My dad had a question. He was asking about the basketball area. He was wondering if it was in Quezon City, Project 4?
Yes it was. Quezon City, Project 4 where he used to play basketball with everyone else. And then when I won the pageant there, the lady who crowned me was the first Miss Universe ever, Armi Kuusela. Her name was Armi Kuusela. She was married to someone in the Philippines and the first Miss Universe ever was the one who crowned me in that small little fundraiser that we had.
WHAT?! THAT’S SO COOL!
Yeah, the first Miss Universe ever was the one to crown me in that first beauty pageant that I entered to raise money to build a basketball court in Quezon 4.
Lalaine Mahal Kita
They did a biographical film on you, “Lalaine, Mahal Kita”. I just learned it was a musical. Did you sing?
“No. I did not sing. The guy sang, though. The guy who was in love with me sang.”
“They created a song… with my name in the title. So he sings it in the movie.”
Oh, I see. So it was supposed to be biographical. Was he supposed to play Uncle Felix?
“I don’t know if they had anybody in mind when they created him. And Uncle Felix was in the navy and this guy was not in the navy so it wasn’t following that. But, he… he crooned is the word you know. He sang beautiful love songs. And the song that he sang to me, the title is “Lalaine” and was written by um… a lady who was a very famous lady who wrote for the newspaper. She was a writer for the Manila Times, and I can’t remember her name.* But she was an older woman and she was the one who wrote the song and the music to it. And he sang that song during the movie.”
*The woman was Lina Flor, born Carolina Flores-Trinidad. She was an extremely accomplished and active writer. She wrote for soap operas, the Manila Times, the Daily Mirror, as well as the popular “Gulong ng Palad“, a radio drama that has now been revamped as TV series. She also wrote essays, short stories, and poetry as well.
She wrote in both English and Tagalog. After the end of World War II, when the Philippines became officially independent from any ruling country since being first colonized, people began to write in their native tongue. Flor switched to writing primarily in Tagalog as there was a surge of nationalism in the country.
Flor wrote the words and the music for the song, “Lalaine” for the 1964 Lalaine, Mahal Kita”.
Was Lalaine, Mahal Kita biographical because they kind of showed how you grew up and came to Manila?
“Yes, all my brothers and sisters were represented by movie stars, you know, people in the industry. And so, of course, as close as they could.”
I was just talking to my dad about it. He goes, “it was SO BORING to watch. They would say maybe one line or maybe two lines and the director would say ‘cut’ and then they WOULD DO IT AGAIN.”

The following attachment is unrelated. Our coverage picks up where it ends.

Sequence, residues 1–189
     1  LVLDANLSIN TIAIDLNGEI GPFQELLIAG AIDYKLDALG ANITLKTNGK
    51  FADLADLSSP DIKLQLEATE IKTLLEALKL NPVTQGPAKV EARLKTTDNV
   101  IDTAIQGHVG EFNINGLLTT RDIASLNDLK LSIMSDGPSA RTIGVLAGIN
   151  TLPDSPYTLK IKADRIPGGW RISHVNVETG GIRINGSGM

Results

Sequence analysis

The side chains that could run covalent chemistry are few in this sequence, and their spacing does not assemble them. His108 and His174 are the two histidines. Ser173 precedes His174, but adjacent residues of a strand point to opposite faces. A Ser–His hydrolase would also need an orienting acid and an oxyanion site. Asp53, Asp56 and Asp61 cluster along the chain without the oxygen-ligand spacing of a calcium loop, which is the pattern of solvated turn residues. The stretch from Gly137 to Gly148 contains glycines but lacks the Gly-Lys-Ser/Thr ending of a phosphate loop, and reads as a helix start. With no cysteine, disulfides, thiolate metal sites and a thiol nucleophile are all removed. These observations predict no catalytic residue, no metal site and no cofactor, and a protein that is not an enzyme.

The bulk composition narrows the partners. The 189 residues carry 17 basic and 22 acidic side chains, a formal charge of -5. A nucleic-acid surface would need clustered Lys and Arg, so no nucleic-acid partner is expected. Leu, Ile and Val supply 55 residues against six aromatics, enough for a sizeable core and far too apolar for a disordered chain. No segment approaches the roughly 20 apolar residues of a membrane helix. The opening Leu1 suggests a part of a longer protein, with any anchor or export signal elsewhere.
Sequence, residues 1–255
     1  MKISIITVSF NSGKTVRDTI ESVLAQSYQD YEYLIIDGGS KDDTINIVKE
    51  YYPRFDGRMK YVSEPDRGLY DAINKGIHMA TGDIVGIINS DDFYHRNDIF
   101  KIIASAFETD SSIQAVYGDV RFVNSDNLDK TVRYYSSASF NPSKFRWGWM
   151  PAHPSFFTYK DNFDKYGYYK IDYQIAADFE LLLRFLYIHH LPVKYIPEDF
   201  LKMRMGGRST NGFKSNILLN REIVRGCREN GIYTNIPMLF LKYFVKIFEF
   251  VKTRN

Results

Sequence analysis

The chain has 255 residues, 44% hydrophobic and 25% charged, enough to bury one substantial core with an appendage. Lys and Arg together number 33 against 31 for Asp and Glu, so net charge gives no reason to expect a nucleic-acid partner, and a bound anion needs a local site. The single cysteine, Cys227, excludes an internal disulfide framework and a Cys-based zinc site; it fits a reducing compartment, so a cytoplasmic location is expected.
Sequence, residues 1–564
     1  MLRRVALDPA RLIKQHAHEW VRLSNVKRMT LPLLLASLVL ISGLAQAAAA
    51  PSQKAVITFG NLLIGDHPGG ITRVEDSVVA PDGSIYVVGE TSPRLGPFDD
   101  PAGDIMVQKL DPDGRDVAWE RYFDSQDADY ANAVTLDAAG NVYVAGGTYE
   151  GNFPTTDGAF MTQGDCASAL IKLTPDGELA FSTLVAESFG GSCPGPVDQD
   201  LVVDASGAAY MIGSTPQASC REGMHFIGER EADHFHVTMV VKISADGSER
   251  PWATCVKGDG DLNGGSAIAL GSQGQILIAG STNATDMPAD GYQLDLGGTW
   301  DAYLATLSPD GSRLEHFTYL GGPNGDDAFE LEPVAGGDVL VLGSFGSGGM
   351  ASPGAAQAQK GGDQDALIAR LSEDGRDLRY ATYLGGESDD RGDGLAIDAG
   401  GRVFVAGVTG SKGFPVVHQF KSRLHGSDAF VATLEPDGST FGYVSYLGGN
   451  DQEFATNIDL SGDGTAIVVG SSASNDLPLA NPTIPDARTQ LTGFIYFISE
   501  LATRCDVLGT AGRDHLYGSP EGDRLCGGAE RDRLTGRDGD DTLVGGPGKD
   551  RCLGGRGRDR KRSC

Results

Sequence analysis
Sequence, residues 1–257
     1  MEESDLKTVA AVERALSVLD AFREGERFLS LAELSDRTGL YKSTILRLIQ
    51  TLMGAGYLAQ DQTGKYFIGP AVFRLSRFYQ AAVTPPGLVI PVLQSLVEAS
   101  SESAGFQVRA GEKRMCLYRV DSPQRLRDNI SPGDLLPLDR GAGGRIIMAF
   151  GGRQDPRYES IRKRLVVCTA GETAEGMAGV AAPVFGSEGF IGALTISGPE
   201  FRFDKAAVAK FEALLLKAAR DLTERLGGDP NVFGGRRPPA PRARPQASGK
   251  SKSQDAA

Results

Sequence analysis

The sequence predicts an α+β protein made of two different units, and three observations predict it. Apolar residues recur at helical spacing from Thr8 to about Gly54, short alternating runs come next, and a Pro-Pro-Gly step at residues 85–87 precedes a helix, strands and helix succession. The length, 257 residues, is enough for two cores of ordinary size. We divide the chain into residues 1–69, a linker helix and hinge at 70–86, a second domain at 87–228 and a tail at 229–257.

[copious amounts of laughter from us both]
“Well, if you’re sitting down and watching on the sidelines, it would be boring! But if you’re the one standing up and doing the action, then it’s kind of different. But yeah, I remember him, sitting and chatting with Mommy, and watching the movie and scripting being done.”
And he was really young, probably.
“And he WAS really young! He’d rather be out playing ball or something. And being quiet!”
Oh that was the worst for my dad, probably.
Where is Lalaine now?
Lalaine is an active businesswoman who runs a Bed and Breakfast in Washington, full-time, she manages apartments out in Pacific, and she owns and operates a farm. She is currently working on passing the properties down to her children so they will be taken care of down the line. Her plans for the next few years are to start building on some of her properties.
Lalaine is a strong, loving, happy, and hilarious woman who loves her family more than the world. She adored her time in the film industry and the pageant industry. She spoke frequently and fondly of Felix Skievaski and Gregory Wong, the two loves of her life, her guardian angels.
About Sarah-lynn Bennett
A big thank you to my Auntie Lalaine for sitting with me and talking about her life. I love you and your beautiful, fun-loving spirit.
Sarah-lynn Bennett is the daughter of Lalaine’s youngest brother, Gordon “Chum” Bennett. He joined the U.S. Navy in 1967 and served in Vietnam. He came to Washington after spending a year in Guam. Gordon worked for Puget Sound Energy where he met his wife, Kathryn. The two of them are enjoying retirement, traveling, and are always learning.
Sarah-lynn is a second-year Masters student at UMKC, where she studies Vocal Performance and Musicology. She hopes to become an opera singer and to travel the world performing. Sarah-lynn also hopes to use her second Masters degree to work in museums, building exhibits to teach the public about world music, especially in areas where music funding is cut. She has performed in Sweden, Denmark, Germany, and Austria. Most recently, Sarah-lynn performed with the Varna International Opera Academy in the summer of 2018. Her most recent performances have been as “Yvette” in La Rondine (VIOA), “La Bergere”/”La Tasse Chinoise”/”La Princesse” in L’enfant et les sortilèges (VIOA/UMKC), and the cover for “Elle” in La voix humaine (UMKC). She can next be seen as “Rosalinde” in Die Fledermaus in Spring 2019.